|King of Faramount|
King Matthaeus I
|16 September 1567|
|16 September 1568|
|Born||8 July 1528 |
|Died||30 January 1580 (aged 52) |
|Spouse||Queen Sophia I|
Matthaeus I (Matthaeus Alberto Teruso; born 8 July 1528), commonly known as Matthaeus the Betrayer or Matthaeus the Turncoat, united the modern nation of Faramount, serving as the nation's first king. A skilled political strategist, Teruso transformed his house from that of a wealthy merchant family into one of the most powerful in the Levantia, in large part through shrewd military leadership. He fought on both sides in the Great Confessional War, carefully carving out for himself the territory that would ultimately be declared the Kingdom of Faramount. Ultimately, he aligned himself with the Holy League, gaining recognition for his newfound kingdom by offering material support, and also by promising to strictly enforce a policy of religious and ethnic toleration. He ruled the country he created for thirteen years before dying in 1580.
Matthaeus was born on 8 July 1528 to a wealthy Latinic merchant family in Lacomopolis, then the home of the summer palace of the kings of Rexheim. He grew up in luxury, enjoying the finest education available at the time, but as the youngest of three sons, had little opportunity to advance in his family's business. Interested in military affairs from a young age, Matthaeus decided to take advantage of the chaotic sixteenth century in Levantia by forming a mercenary outfit, initially to provide private security to merchants like his father. Yet Matthaeus quickly found himself drawn into proper combat when the King of Rexheim sought to hire any and all available private soldiers to combat Catholic forces in the Urcean War of Religion. The merchant's son soon became well-known throughout much of the Southern Holy Levantine Empire for his military leadership. He had by 1575 amassed a sizable private army.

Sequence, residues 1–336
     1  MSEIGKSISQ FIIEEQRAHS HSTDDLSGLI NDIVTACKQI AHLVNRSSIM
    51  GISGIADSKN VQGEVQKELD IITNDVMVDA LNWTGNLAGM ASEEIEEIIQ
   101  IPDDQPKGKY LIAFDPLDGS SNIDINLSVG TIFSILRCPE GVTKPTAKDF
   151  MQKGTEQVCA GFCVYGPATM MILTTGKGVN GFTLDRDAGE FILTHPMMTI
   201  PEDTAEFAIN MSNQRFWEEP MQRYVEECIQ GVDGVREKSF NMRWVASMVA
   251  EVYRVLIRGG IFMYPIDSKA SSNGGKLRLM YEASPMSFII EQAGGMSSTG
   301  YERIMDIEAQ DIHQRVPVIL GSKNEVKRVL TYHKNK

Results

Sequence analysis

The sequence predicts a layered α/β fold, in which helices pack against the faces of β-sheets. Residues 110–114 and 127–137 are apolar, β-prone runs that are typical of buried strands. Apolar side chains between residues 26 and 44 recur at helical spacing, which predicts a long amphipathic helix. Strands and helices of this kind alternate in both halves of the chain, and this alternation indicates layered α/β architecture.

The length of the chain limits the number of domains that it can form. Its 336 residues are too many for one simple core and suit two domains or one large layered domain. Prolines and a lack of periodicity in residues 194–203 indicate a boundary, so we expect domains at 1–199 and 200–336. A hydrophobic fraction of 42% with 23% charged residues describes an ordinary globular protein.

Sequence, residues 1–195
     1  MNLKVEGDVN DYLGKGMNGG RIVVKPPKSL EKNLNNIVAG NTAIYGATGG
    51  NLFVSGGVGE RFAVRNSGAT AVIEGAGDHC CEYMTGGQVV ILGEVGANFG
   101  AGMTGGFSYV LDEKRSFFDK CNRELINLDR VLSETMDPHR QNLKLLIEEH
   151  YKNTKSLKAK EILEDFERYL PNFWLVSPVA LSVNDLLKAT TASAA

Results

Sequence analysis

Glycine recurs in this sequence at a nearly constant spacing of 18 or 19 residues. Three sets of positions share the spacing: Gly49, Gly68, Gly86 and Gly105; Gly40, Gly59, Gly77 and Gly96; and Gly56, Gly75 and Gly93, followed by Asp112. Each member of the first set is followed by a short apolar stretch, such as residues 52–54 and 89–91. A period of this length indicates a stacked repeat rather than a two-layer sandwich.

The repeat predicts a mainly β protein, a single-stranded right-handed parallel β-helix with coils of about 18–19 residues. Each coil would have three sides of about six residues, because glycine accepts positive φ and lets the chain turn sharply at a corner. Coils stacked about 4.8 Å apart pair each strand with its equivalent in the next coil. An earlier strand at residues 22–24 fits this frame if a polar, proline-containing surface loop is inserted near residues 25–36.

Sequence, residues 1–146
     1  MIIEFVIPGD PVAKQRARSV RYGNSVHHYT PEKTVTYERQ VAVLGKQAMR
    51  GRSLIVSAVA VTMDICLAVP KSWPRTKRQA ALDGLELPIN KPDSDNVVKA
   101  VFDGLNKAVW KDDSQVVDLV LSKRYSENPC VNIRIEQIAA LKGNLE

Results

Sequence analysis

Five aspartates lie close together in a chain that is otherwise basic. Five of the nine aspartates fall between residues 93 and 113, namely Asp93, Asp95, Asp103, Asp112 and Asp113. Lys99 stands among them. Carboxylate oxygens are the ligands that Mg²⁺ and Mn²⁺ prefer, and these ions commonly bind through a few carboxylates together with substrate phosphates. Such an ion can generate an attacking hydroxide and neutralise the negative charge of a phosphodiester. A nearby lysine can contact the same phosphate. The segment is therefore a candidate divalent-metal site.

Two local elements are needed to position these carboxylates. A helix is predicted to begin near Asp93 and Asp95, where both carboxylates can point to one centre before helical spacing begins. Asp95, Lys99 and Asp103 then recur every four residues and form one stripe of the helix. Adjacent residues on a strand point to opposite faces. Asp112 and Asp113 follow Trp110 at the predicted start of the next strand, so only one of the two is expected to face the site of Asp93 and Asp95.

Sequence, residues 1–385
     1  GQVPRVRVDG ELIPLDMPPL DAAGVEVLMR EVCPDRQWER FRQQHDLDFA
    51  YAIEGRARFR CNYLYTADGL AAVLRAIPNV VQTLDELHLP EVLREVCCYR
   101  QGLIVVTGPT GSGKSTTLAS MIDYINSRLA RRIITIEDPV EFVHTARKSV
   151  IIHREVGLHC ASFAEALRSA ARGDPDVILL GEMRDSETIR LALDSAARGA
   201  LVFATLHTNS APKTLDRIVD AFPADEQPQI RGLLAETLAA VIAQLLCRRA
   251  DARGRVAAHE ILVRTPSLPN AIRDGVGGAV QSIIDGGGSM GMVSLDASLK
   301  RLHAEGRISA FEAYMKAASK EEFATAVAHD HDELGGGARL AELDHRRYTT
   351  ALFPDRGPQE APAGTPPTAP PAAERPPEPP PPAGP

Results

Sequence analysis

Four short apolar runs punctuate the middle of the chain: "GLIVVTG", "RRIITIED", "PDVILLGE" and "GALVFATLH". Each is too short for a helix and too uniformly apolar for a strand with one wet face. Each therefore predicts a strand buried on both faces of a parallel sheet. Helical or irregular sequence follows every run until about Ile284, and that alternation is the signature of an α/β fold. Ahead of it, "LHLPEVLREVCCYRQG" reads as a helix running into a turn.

The Holy League moved quickly to hire that army when the Great Confessional War broke out in 1575, offering substantial enough of compensation that Matthaeus happily turned on the Protestant forces for which he had been fighting. Matthaeus captured Lacomopolis in 1576, routing several Protestant nobles, and restoring Catholic control. He proceeded on a campaign Eastward along Rexheim's coastline until he had linked Lacomopolis to Catholic-controlled Eastern Rexheim. Donnchad III ended Matthaeus campaign in 1558 by making a surprise offer to grant Matthaeus control of the lands he had conquered, and to crown him a duke, provided that he switched size. Leo III was unwilling to match that offer, and tantalized by the offer to be made a nobleman, Matthaeus pledged allegiance to the Protestant Union. He was made Duke of Lacomopolis in January, 1559.